Second, we need to know the impact of control strategies on hazards in food so we can ensure that industry is taking the necessary steps to control hazards through HACCP systems. In the future, FSIS and industry, using computers, will be able to quickly evaluate, through risk assessment models, a change in a plant's processing procedures and determine if the change will reduce risk. If so, the HACCP plan can be adjusted to prevent, eliminate, or reduce the hazard. A rapid feedback system such as this is not yet practical, but it is a future goal.
Third, we can use risk assessments to set food safety performance standards. Generally, we have not been able to set performance standards with respect to pathogenic microorganisms because we have been constrained by the lack of a scientific basis for determining the levels at which specific pathogens will cause illness. The final rule on Pathogen Reduction and HACCP, therefore, sets performance standards for Salmonella in raw products based on the nationwide prevalence of Salmonella in various products. As industry performance improves, standards will be tightened. Risk assessment, based on better information on specific levels of Salmonella and other pathogens that make people sick, will allow us to set stricter standards for Salmonella and additional standards for other pathogens.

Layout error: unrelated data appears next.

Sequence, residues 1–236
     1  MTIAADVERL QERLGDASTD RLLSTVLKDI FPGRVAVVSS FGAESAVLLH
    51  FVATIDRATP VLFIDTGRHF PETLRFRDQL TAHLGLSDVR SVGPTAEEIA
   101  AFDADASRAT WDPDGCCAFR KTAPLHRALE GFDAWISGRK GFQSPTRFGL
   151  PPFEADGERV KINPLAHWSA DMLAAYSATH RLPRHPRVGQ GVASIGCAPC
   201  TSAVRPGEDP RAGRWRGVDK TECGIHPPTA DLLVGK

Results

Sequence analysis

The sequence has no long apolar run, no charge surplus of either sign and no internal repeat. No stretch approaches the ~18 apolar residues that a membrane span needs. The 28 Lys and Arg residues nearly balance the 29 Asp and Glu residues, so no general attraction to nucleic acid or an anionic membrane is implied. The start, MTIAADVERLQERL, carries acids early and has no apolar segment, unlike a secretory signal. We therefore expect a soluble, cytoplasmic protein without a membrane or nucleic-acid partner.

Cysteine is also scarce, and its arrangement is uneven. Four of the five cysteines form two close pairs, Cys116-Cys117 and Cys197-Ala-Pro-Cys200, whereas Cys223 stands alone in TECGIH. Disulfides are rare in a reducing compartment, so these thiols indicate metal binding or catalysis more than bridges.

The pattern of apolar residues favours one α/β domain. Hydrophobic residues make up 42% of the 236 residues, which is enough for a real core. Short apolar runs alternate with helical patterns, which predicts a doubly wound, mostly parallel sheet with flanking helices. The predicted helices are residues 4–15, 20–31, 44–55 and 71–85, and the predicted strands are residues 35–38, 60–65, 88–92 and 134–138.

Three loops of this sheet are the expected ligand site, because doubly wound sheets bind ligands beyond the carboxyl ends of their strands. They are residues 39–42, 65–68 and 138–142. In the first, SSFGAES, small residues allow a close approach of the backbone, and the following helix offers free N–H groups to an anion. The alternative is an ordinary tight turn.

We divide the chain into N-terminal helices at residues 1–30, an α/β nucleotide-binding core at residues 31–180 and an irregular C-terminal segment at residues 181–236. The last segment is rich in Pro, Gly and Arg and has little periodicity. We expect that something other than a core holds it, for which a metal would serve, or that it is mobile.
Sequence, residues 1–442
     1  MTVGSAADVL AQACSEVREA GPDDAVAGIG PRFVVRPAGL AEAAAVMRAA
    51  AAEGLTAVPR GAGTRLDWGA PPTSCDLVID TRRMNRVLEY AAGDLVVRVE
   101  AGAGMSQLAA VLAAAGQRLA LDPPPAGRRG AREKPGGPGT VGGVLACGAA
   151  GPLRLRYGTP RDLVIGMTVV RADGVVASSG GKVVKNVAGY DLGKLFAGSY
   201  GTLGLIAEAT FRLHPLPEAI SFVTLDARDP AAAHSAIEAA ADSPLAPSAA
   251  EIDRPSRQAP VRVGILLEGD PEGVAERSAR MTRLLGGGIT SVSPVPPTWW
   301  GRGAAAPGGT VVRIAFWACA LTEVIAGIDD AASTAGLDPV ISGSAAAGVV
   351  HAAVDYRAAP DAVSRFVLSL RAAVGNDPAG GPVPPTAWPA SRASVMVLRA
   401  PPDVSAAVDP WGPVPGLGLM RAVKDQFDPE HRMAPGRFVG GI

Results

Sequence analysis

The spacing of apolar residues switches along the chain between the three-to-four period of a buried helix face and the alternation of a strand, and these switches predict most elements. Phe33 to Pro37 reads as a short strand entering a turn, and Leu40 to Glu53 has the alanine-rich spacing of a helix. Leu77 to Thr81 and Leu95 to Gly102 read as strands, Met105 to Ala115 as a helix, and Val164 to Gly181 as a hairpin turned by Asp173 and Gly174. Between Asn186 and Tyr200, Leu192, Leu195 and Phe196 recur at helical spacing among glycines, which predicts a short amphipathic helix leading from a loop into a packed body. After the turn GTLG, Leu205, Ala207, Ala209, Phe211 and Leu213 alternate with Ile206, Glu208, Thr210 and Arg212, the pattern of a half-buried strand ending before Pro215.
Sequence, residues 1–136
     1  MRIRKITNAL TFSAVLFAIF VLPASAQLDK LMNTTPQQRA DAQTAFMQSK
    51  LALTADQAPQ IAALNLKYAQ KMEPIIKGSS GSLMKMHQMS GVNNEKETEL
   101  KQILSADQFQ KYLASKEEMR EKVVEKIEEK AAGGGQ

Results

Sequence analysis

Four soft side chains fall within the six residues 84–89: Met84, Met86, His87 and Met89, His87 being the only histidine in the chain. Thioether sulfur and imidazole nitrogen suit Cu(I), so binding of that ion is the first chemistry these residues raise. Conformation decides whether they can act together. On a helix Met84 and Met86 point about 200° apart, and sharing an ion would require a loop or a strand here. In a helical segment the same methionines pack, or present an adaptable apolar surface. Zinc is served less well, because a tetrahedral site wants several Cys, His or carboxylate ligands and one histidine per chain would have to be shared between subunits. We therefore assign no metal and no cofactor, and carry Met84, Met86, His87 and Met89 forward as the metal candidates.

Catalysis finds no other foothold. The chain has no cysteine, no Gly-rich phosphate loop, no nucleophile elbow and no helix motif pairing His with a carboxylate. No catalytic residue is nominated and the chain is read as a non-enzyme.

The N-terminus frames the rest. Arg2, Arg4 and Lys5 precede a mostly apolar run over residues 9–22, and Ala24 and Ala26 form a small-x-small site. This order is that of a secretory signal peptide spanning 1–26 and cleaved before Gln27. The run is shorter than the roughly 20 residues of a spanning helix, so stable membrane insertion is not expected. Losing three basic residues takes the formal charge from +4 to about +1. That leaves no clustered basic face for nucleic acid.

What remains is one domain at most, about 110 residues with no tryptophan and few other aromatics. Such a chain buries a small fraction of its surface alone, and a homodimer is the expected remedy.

Another priority for the future is to explore new models for in-plant slaughter inspection now that HACCP is being implemented. We cannot continue to inspect animals the same way now that HACCP is here. Despite our progress in many areas, we still carry out resource-intensive inspection on slaughter lines, following detailed command-and-control regulations. This will keep us from carrying out other tasks that could have a substantial effect on food safety, unless we make changes in this area.